Wednesday, March 16, 2011

City income from parking meters, parking tickets, parking lots: $180 million

As a candidate for mayor, Supervisor David Chiu at least stands forthrightly for something: He wants to be the candidate of the city's bike people. Unlike other city politicians who have filled that role---Gavin Newsom and Ross Mirkarimi come to mind---Chiu is a serious bike guy.

But this pitch to the bike people at Bike Nopa is a bit disingenuous:

The condition of city streets rounds out Chiu’s concerns for transportation policy. He said he looked forward to further consideration of a streets bond measure to secure funds to repair and maintain city streets. Several district supervisors initially backed a streets repair bond measure for the November 2009 ballot before determining that the recession and public sentiment made passage unlikely. City planners are now looking to November 2012 for a similar streets measure, although Chiu said it might appear in the current election cycle instead.

And I might ride in the Tour de France! Putting a bond measure on the ballot to repair city streets is not going to happen, and Chiu probably knows that [Later: Wrong! The bond is on the November ballot]. He mentioned this to Bike Nopa because he knows that the Bicycle Coalition and city cyclists in general are rightly concerned about the condition of city streets. To a motorist, a pothole is a nuisance and maybe a repair bill, but to a cyclist a pothole can mean serious injury.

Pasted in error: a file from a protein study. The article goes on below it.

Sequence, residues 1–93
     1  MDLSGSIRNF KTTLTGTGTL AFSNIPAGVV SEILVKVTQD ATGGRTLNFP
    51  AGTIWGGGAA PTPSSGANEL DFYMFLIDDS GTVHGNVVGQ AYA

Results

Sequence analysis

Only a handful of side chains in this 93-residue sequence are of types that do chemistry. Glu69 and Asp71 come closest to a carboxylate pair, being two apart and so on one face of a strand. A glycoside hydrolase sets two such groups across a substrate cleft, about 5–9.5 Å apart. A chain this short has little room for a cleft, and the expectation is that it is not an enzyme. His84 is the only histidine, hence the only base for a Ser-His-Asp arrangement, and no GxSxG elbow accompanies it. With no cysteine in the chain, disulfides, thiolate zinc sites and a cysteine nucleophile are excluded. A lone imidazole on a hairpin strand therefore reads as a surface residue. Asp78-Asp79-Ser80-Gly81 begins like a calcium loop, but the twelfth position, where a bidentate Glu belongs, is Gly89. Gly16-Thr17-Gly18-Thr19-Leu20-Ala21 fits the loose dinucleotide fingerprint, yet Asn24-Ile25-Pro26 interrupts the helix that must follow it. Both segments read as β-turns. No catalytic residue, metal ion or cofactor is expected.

Let's look at the numbers. How much does the city now extract from the city's motorists? The San Francisco Transportation Fact Sheet of November, 2010, provides the answer: for fiscal year 2009/2010 the city collected $180,015,984 from city drivers! Hard to believe that the city can't keep city streets paved with all that money.

A breakdown: parking meters, $38,868,351; from the city's parking lots, $37,515,348; from residential permits, $7,905,051; and from parking tickets, $95,727,234 for a total of $180,015,984.

And the city collects money from the DMV in vehicle license fees, though I don't know what that number is or where to find it.

My impression is that city drivers are already annoyed with the escalation by the city in handing out parking tickets. The idea that they would vote for a bond to fix city streets in light of the numbers above seems fanciful.